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The Harvey Weinstein video: I’m sorry, but it looked more to me like flirting to sell a product than sexual harassment

September 14, 2018
Harvey Weinstein and Melissa Thompson in his office
Sky News

The porcine, priapic Harvey Weinstein gives me the creeps, too, and it’s always fun to watch liberals eat each other. But, really, is this any way to conduct a business meeting?

Am I allowed to flirt with you?

Ummm, we’ll see, a little bit.

A little bit, not too much?

And that’s a little more than thirty seconds after Melissa Thompson, one of the latest of Weinstein’s claimed rape victims, is into her supposed sales pitch in Weinstein’s office for some kind of software gizmo–the sales pitch on the video that she’s now shopping around to the media. (You can watch the video here.)

Thompson has a master’s degree in business administration from Columbia, but she must have missed the class where they tell you that if your customer acts more interested in you than in what you’re selling, it’s time to do a little cost-benefit analysis on what your time is worth and pack up your product and leave.

Also, you’d look more serious if you didn’t wear a form-fitting leather dress, push your glasses up to the top of your head (don’t you need them to see that laptop screen?), and gaze coquettishly into the eyes of your customer and even touch his shoulder as you sit side by side? I don’t think leather garments are on John “Dress for Success” Molloy’s list of power clothing for businesswomen–unless by “power” you mean the kind that Circe used to seduce Ulysses.

Here are a couple more conversational excerpts from that video that the then-28-year-old Thompson made–apparently for marketing purposes for the tech startup where she worked–of her 2011 meeting with Weinstein inside his locked film office in lower Manhattan:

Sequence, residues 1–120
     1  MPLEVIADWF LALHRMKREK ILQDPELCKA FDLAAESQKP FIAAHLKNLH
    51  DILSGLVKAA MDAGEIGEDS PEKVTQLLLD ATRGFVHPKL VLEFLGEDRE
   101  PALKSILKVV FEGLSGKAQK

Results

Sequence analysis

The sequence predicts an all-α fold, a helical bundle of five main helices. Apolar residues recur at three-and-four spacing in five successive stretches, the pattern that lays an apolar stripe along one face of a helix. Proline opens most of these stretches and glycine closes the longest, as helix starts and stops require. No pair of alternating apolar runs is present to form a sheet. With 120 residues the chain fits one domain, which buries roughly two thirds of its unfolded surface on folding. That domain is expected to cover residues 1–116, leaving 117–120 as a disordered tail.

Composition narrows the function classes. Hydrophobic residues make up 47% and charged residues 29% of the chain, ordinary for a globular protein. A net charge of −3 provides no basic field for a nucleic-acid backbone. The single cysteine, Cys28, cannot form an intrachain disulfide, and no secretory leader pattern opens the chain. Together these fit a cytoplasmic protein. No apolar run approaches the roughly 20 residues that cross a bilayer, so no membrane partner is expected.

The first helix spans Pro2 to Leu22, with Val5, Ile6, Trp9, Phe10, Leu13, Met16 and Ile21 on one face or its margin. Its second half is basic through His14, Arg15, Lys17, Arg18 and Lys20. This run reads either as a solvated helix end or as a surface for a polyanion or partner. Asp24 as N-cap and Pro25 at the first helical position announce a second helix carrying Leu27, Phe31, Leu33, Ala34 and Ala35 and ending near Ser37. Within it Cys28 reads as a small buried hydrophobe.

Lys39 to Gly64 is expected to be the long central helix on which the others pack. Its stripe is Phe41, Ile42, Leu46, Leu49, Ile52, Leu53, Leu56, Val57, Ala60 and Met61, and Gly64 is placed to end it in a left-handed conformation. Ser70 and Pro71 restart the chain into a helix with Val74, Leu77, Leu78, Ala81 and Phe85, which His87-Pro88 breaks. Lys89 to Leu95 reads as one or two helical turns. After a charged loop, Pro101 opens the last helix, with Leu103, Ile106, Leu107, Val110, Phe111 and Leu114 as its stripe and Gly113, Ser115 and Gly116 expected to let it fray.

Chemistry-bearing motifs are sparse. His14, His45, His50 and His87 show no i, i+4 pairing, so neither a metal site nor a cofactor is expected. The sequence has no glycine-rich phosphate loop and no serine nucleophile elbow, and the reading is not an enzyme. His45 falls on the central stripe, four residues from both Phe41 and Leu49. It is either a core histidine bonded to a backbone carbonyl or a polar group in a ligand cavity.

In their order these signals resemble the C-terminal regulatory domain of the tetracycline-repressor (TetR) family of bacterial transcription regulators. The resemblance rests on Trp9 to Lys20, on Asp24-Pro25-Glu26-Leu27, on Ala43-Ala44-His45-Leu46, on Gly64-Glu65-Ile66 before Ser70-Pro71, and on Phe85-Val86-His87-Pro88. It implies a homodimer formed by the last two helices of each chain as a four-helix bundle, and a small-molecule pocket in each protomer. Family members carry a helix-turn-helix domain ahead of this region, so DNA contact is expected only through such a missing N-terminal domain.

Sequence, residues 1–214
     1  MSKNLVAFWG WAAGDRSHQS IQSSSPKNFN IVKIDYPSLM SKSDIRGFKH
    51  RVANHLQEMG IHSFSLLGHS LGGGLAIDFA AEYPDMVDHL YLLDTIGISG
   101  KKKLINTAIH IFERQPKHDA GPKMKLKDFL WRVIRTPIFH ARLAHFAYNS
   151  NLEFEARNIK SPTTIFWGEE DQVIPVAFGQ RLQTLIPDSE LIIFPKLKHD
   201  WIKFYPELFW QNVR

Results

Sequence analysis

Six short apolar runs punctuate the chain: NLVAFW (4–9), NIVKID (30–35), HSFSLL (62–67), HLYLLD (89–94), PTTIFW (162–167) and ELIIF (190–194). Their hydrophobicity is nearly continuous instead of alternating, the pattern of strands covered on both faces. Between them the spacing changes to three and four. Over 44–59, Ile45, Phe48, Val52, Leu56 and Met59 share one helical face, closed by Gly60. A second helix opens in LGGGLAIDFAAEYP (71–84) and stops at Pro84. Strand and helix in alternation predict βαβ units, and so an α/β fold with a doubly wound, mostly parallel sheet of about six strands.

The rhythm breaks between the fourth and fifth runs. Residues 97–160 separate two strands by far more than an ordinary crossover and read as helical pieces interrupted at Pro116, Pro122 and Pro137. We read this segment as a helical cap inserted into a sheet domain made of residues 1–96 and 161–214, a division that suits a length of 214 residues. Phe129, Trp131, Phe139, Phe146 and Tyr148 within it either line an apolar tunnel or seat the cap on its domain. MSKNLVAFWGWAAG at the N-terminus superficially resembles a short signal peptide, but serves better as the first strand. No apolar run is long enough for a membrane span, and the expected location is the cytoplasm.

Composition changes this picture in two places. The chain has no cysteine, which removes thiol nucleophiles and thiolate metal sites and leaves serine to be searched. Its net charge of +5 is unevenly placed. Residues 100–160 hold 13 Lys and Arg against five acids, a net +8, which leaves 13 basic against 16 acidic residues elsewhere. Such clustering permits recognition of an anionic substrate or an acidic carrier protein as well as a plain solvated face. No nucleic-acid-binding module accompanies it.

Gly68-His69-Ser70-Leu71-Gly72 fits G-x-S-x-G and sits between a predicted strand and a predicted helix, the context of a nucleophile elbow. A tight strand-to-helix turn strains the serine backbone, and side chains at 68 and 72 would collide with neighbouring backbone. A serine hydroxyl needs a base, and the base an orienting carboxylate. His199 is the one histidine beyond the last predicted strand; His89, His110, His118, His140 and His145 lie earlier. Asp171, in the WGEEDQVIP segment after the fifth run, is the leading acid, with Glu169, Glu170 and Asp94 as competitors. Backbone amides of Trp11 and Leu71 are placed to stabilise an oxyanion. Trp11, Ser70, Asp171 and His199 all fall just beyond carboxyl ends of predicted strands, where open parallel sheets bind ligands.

Data’s so hot, right?

It is hot. You’re hot.

Didn’t Thompson get a little hint at that point that whatever “analytics” on the “digital marketing platform” she was pitching to Weinstein weren’t really registering with him?

And then there’s this postlude to Weinstein’s allegedly putting his hand up Thompson’s  leg (the video doesn’t actually show that because they were sitting at a table, but it’s what Thompson says):

Let me have a little part of you. Give it to me. It’s okay, would you like to do it some more?

A little bit… a little high, that’s a little high, that’s a little high.

Wouldn’t Thompson’s allegations of sexual abuse by Weinstein be more convincing if she’d slapped that hand away instead of responding, “A little bit,” when he asked her if she wanted to “do it some more”?

But as Thompson told Sky News in the exclusive interview in which she aired the video: “I didn’t want to blow the meeting.”

And indeed she didn’t. She agreed to meet Weinstein again that very afternoon for drinks at a nearby hotel, where, she says, instead of closing the deal as she’d hoped, he hustled her up to a bedroom suite he’d rented (which she for some reason thought was going to be a conference room, even though it was on the third floor) and sexually assaulted her. She recently filed a class-action civil suit for damages over the alleged incident and is now involved in a further legal dispute with a lawyer to whom she’d sent the complete tape of the Weinstein office incident (the version on Sky News is heavily edited). Weinstein, meanwhile, has denied that the sex with Thompson was non-consensual.

I dunno. Why is it that so many of Weinstein’s alleged sexual misdeeds had a transactional component? Women who hoped to get something–movie roles, a “digital marketing platform” sale–out of meeting him somewhere that anyone could tell them was completely inappropriate and putting up, sometimes for an afternoon as Thompson did, but sometimes for years, with behavior that anyone could tell them was completely inappropriate?

Posted by Charlotte Allen

From → Uncategorized

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